MEGHAN Markle rang her PR team and "hysterically" described Buckingham Palace's fury after an interview with her appeared in Vanity Fair with the headline 'Wild About Harry', a new book has sensationally revealed.
In 'Revenge: Meghan, Harry and the war between the Windsors', serialised today in The Sun, biographer Tom Bower says Meghan had been "ecstatic" when she was first asked to appear on the front cover of the September 2017 issue.
It was Keleigh Thomas Morgan, a partner at Sunshine Sachs, her Los Angeles public relations agency, who broke the news.
Bower writes: "After the agency's years of struggle to get Meghan noticed, Vanity Fair's approach proved that her relationship with Harry was priceless.
"For Meghan, the news was electrifying."
At the time, Bower says, Keleigh didn't know that Meghan and Harry were secretly engaged and were waiting for the Queen's formal approval when she returned from Balmoral that autumn.
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And she responded to Vanity Fair saying Meghan would be delighted but didn't want a piece about her – it should represent Meghan as a major actor and especially as an activist and philanthropist.
A long standing contributing editor at the magazine, Sam Kashner, who was known for cover stories on Jennifer Lawrence, Nicole Kidman and Rosamund Pike, was assigned to the interview.
Bower writes: "Kashner arrived at Meghan’s home and told that his interviewee was under strict orders from both Harry and Keleigh Thomas Morgan.
"Aware that Diana and Sarah Ferguson had destroyed themselves in interviews, Harry had asked Meghan to maintain tight-lipped silence about sensitive subjects – Donald Trump, race, their relationship and especially himself. He was not to be mentioned."
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Bower says Kashner watched Meghan prepare lunch but, even before they sat down to eat, Kashner felt uneasy.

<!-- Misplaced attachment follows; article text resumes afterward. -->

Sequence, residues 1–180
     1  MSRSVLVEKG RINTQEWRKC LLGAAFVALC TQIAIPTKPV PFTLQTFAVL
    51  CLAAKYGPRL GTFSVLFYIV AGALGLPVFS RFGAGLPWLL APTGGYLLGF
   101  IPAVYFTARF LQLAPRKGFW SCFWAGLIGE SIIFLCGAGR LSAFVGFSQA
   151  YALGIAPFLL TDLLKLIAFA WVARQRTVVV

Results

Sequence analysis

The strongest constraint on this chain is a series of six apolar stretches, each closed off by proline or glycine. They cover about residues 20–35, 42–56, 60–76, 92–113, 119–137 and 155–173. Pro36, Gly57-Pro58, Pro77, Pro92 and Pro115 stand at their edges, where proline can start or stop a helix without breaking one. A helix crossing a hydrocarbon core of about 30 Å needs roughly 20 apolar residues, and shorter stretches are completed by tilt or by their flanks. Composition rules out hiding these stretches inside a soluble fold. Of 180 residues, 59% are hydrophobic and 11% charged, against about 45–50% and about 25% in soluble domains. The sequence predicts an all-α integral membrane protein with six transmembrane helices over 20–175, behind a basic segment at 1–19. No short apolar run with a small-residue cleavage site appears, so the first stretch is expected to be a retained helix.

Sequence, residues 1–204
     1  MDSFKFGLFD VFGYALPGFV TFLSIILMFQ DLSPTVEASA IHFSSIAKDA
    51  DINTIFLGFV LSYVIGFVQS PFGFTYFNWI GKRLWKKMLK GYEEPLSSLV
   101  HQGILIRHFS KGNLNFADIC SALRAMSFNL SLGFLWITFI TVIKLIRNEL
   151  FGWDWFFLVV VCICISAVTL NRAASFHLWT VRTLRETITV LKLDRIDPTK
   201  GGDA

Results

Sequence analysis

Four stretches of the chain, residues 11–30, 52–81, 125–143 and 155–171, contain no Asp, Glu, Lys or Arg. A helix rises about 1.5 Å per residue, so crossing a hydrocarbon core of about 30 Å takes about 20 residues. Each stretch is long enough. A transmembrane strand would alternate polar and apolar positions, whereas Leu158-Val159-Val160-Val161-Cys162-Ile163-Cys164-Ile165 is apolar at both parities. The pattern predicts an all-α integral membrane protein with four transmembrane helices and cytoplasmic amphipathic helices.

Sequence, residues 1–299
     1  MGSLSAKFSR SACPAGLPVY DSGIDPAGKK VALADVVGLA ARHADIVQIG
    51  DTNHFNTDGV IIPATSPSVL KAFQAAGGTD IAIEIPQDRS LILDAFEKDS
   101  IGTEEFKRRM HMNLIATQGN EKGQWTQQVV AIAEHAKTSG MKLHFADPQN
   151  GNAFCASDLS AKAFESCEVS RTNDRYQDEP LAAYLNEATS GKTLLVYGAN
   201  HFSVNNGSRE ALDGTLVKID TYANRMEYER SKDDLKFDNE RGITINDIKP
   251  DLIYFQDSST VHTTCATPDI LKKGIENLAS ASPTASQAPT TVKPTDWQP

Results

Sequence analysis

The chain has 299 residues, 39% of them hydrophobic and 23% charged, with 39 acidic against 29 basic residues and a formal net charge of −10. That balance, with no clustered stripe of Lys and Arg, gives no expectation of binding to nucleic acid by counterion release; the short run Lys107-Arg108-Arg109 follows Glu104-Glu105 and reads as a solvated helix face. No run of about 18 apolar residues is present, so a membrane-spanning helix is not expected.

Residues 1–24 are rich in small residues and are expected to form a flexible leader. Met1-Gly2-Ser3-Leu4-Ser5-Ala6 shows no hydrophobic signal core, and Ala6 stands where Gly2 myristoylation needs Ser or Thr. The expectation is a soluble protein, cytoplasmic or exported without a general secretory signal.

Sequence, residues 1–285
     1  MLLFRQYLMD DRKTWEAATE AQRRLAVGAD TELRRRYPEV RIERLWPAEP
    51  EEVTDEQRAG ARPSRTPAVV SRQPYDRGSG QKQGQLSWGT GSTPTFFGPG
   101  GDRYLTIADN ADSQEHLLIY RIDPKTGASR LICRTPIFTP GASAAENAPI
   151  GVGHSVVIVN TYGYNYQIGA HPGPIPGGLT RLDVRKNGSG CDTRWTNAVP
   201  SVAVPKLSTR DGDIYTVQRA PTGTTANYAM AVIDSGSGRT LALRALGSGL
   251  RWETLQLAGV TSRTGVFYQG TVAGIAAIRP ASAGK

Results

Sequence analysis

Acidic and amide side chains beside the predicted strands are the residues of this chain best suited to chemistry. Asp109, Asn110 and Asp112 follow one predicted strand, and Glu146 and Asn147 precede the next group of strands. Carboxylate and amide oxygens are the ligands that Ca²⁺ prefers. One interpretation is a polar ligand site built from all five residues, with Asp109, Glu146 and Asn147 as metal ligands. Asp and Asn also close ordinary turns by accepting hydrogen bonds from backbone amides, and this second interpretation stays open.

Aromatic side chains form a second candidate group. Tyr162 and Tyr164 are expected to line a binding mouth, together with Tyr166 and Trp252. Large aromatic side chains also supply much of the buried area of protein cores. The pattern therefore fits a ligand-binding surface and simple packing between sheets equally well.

He adds: "Both knew that a lot was riding on the interview, and both understood that the critical issue of Harry had been vetoed. Meghan spoke, he realised, knowing that she had the winning ticket but avoiding giving an impression of triumphalism."
Bower says they spoke about her "speech to the United Nations" and her success as an 11 year old against Procter & Gamble where she wrote to the company's chairman and Hillary Cinton, then First Lady, to complain about an advertising slogan promoting washing up liquid that said 'Women all over America are fighting greasy pots and pans'. She urged that the slogan should be changed to 'People all over America.' Bowing to thousands of protests on the subject, P&G eventually changed the line.
Bower writes: "'Tell me about Harry,' said Kashner, not expecting an answer. 'We're a couple. We're in love,' Meghan unexpectedly replied into the recording device.
"Clearly prepared, she baulked when asked, 'What does love mean?' Instead, she asked Kashner about his marriage.
"Eventually she uttered, 'I'm sure there will be a time when we will have to come forward and present ourselves and have stories to tell, but I hope what people will understand is that this is our time. This is for us. It's part of what makes it so special, that it's just ours. But we're happy. Personally, I love a great love story.'
"Bullseye. Kashner was quietly elated. Tellingly, she added: 'I'm still the same person I am. I've never defined myself by my relationship.'